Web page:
New digs for peregrine falcons that nest on old Champlain Bridge
Outside of nesting season, peregrine falcons are known to travel widely – their name, in fact, comes from the Latin word 'peregrinus,' meaning 'wanderer.' (THE CANADIAN PRESS/AP Photo/Daily Hampshire Gazette, Carol Lollis)
MONTREAL -- Peregrine falcons that made their homes on the old Champlain Bridge are moving to new digs.
Three nesting boxes were removed from the old bridge before a dismantling operation that is set to begin in 2020.
The birds will settle into new nesting boxes on the new Samuel de Champlain Bridge when they return in early April to start their families. Two of the boxes have already been installed on the new bridge to help the falcons transition.
The delicate removal operation was carried out by Skytech, a Montreal company that specializes in high-altitude work. It was supervised by Falcon Environmental Services (FES), which said the transition appears to be going smoothly so far, and that one falcon has already moved into its new condo.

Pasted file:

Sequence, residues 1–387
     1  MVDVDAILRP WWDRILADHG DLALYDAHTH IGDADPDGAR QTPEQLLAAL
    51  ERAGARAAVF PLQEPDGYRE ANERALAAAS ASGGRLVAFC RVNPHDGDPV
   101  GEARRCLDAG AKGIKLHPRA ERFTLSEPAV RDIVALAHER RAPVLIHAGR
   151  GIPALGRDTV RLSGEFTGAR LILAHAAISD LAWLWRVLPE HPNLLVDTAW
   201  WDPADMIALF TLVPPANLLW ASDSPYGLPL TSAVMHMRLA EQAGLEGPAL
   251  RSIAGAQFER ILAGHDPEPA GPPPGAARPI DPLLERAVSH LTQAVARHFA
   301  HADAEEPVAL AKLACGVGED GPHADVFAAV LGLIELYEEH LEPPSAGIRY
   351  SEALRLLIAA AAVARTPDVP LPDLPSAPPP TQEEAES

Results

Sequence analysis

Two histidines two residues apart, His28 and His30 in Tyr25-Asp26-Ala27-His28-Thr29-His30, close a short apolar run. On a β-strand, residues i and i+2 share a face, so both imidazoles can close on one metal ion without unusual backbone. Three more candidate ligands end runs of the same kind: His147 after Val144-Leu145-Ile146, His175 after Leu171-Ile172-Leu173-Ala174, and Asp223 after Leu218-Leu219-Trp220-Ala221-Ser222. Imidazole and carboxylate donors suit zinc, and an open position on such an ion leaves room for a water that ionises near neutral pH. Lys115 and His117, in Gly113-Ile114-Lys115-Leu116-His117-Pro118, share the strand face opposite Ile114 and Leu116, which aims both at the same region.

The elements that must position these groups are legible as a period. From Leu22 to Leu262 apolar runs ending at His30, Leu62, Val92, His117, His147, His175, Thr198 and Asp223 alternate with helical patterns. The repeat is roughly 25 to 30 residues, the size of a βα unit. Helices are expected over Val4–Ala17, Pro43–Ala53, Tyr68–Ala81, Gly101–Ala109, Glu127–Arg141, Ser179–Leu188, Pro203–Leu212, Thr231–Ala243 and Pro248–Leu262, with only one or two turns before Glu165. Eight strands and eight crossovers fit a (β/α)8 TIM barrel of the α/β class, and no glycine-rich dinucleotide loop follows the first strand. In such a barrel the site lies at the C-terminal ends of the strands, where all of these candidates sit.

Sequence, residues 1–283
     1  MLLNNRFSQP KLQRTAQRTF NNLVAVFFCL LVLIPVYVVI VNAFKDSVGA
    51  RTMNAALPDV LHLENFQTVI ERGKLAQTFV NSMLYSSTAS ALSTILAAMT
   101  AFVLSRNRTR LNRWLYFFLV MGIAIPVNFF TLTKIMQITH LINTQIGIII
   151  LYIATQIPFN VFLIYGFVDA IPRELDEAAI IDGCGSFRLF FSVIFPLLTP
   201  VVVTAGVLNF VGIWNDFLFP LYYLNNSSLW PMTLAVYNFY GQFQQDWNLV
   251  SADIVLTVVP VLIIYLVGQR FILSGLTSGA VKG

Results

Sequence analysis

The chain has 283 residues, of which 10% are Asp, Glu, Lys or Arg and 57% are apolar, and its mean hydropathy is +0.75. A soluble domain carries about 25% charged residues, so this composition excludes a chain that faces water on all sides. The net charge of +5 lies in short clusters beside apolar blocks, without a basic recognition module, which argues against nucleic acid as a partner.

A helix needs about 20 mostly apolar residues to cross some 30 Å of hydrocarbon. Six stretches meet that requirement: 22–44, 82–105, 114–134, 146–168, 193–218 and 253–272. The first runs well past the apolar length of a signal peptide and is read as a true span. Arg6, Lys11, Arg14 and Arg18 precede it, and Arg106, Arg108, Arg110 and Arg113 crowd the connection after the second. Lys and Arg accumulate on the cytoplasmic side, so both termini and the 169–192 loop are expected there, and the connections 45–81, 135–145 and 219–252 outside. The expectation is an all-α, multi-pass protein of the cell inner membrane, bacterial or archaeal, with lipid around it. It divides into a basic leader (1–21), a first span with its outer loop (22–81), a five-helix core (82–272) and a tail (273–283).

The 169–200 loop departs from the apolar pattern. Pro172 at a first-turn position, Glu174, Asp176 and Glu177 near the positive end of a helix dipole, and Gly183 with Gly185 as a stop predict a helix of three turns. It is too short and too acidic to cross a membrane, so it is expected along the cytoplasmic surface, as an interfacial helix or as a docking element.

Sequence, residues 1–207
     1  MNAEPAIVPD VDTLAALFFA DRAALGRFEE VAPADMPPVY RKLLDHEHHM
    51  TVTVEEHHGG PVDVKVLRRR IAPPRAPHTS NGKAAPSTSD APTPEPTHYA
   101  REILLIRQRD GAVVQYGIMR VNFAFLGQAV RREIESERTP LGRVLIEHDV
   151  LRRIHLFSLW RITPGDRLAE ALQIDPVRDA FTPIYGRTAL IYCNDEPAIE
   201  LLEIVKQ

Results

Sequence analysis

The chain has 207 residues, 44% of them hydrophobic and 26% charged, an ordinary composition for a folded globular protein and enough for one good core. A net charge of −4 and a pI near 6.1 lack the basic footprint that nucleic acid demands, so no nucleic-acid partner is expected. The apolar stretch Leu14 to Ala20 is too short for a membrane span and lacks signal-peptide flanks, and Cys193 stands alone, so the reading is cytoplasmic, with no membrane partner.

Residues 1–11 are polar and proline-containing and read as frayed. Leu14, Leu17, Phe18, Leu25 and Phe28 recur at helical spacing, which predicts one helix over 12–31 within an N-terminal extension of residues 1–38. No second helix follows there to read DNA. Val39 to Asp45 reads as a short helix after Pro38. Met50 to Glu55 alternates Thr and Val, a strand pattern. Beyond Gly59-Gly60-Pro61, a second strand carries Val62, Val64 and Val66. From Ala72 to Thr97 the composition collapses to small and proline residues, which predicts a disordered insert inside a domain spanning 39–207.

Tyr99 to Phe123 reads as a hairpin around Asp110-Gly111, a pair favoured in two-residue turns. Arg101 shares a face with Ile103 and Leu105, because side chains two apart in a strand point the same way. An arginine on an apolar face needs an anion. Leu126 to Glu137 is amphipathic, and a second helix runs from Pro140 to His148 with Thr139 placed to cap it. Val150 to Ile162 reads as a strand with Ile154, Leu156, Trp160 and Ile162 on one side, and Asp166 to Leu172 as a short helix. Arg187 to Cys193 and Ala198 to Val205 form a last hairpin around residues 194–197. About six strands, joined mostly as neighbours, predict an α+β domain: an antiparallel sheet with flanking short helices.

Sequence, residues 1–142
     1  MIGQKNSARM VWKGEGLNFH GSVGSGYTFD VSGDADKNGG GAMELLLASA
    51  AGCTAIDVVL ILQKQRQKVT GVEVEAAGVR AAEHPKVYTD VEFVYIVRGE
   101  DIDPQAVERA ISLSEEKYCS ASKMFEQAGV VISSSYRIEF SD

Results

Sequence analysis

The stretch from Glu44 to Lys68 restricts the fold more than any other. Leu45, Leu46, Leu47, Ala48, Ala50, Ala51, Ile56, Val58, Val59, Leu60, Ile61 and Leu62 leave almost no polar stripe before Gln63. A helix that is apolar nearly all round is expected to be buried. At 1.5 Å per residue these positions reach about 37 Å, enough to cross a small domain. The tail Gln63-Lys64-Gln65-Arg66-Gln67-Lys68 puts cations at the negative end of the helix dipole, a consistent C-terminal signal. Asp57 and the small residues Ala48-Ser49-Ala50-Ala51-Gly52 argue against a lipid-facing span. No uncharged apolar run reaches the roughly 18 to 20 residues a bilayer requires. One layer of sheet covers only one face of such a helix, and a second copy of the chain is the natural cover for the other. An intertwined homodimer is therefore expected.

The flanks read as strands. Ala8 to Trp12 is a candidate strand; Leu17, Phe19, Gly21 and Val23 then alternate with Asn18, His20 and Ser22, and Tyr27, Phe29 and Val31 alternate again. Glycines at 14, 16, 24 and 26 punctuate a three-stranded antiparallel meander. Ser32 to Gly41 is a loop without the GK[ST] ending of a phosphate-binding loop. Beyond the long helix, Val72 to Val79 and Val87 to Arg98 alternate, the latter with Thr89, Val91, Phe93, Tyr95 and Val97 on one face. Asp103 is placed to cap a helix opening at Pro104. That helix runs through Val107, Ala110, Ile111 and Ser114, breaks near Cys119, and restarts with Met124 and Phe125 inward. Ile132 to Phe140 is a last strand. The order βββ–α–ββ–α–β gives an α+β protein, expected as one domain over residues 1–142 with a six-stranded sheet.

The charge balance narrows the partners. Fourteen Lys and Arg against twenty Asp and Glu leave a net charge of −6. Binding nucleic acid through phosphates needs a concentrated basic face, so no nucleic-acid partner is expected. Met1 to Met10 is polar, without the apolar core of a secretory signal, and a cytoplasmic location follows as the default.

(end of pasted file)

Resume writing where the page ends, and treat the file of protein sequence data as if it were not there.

The Jacques Cartier and Champlain Bridges Incorporated has been working with FES since 2002 to help the birds, installing nesting boxes, setting up a safety perimeter around work sites during nesting periods, monitoring the birds regularly, and intervening when necessary.
Outside of nesting season, the birds of prey are known to travel widely – their name, in fact, comes from the Latin word 'peregrinus,' meaning 'wanderer.'
Peregrine falcons, though, have an incredible homing instinct; according to National Geographic, some nesting sites have been in continuous use for hundreds of years, occupied by successive generations of falcons.
The birds will be able to settle in for a while, at least: the new Champlain Bridge is expected to last 125 years.